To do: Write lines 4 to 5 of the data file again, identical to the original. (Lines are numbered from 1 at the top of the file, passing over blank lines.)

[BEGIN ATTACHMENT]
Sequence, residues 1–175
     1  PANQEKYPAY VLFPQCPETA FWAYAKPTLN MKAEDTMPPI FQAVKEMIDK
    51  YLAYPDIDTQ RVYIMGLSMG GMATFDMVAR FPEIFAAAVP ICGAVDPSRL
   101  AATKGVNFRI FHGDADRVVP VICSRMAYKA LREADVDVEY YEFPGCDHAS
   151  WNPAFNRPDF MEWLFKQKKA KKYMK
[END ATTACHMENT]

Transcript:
   101  AATKGVNFRI FHGDADRVVP VICSRMAYKA LREADVDVEY YEFPGCDHAS
   151  WNPAFNRPDF MEWLFKQKKA KKYMK